Why it might not work
While I think that this sort of role is a good idea, I’m more than happy to admit that it is just that – an idea. There are a lot of differences between a documentary and a research program. In particular, a documentary often has a clarity of view that research often doesn’t (and sometimes shouldn’t).
It will work well for problem-based research. That is, if you are working on solutions to long-term homelessness, then it should be pretty clear how you might think about impact. It probably won’t work so well for exploratory research. If, for example, you are looking at the movement from home ownership to long-term rental patterns, it may not be so clear where you want to make your impact.
Your research may not need further engagement to be effective. You may already be engaged with your key audience. If you are doing fundamental research, your audience may be other researchers and you may already be engaging with them very successfully. If you are doing contract research then your key audience may be the industry partners that are funding the research. No more engagement is warranted. Action research may already involve all the necessary people in a very engaging way. I’m sure you can think of other examples.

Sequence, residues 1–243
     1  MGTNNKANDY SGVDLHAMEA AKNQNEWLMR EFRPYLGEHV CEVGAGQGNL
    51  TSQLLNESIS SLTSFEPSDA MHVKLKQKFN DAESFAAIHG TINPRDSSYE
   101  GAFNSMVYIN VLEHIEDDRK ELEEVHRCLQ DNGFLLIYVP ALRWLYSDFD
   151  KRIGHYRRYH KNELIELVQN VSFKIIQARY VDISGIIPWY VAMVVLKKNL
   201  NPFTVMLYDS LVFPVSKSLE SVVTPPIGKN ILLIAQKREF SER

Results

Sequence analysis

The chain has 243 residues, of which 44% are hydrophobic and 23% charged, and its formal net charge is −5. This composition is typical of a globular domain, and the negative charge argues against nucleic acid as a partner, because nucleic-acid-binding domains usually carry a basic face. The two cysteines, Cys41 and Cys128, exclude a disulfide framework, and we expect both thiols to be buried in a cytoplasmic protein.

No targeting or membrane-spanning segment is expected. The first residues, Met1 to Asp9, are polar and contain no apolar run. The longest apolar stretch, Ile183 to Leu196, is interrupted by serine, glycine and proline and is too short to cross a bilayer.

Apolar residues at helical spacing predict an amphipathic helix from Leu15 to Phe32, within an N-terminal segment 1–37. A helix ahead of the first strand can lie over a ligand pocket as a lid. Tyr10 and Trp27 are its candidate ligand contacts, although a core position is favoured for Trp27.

Moreover, this approach may not fit well with the #ImpactAgenda being driven by governments through their funding agencies. Different funding agencies have different ways to measure impact. The UK is strongly committed to case studies. Health funders have been fond of the Payback Framework. The approach in Singapore was recently described to me as “How many jobs will this create for Singapore?”. My point is that national governments will define and measure impact in different ways, and this will drive your university policy. The approach described here may not actually mesh with your organisation’s aims or with your funding agency’s measures of impact.
The impact producer aims to create real and lasting impact, regardless of policy. By thinking through how you might work with an impact producer, you should gain a better understanding of how you might make a stronger, longer lasting impact.
Disclaimer: I have no experience of making documentaries. All the information about documentaries in this article may be completely wrong. I developed this article through these wonderful resources:
- The Impact Field Guide & Toolkit, by the BritDoc Foundation, 2016.
This is an extraordinary how-to guide to creating impact.
- What’s in a Name: Impact Producer, by Jennifer MacArthur on POV, the PBS blog, 15 November 2013.
- Where to Start When You Start Thinking About Impact, by Sahar Driver on the Fledgling Fund blog, 27 June 2016.
- Spot on Impact Producers: Anna Kaplan, an interview by Julia Bier for the Influence | Film Club.
I was inspired to write this article after hearing Anna present recently.